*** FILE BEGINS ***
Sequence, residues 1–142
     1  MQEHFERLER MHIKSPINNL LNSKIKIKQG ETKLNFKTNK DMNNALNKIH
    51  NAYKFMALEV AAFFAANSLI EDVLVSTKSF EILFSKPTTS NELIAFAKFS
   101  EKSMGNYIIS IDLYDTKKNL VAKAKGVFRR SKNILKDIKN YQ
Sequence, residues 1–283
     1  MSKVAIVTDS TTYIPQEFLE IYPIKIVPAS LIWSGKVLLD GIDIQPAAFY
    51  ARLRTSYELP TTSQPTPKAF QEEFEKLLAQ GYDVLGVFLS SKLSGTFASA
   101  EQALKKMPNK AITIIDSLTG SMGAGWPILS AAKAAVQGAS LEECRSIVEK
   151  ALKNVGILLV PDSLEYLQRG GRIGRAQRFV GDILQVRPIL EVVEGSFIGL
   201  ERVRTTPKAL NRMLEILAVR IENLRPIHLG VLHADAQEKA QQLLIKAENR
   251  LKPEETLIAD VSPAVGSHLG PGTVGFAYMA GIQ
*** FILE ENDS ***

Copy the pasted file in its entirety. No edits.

Sequence, residues 1–142
     1  MQEHFERLER MHIKSPINNL LNSKIKIKQG ETKLNFKTNK DMNNALNKIH
    51  NAYKFMALEV AAFFAANSLI EDVLVSTKSF EILFSKPTTS NELIAFAKFS
   101  EKSMGNYIIS IDLYDTKKNL VAKAKGVFRR SKNILKDIKN YQ
Sequence, residues 1–283
     1  MSKVAIVTDS TTYIPQEFLE IYPIKIVPAS LIWSGKVLLD GIDIQPAAFY
    51  ARLRTSYELP TTSQPTPKAF QEEFEKLLAQ GYDVLGVFLS SKLSGTFASA
   101  EQALKKMPNK AITIIDSLTG SMGAGWPILS AAKAAVQGAS LEECRSIVEK
   151  ALKNVGILLV PDSLEYLQRG GRIGRAQRFV GDILQVRPIL EVVEGSFIGL
   201  ERVRTTPKAL NRMLEILAVR IENLRPIHLG VLHADAQEKA QQLLIKAENR
   251  LKPEETLIAD VSPAVGSHLG PGTVGFAYMA GIQ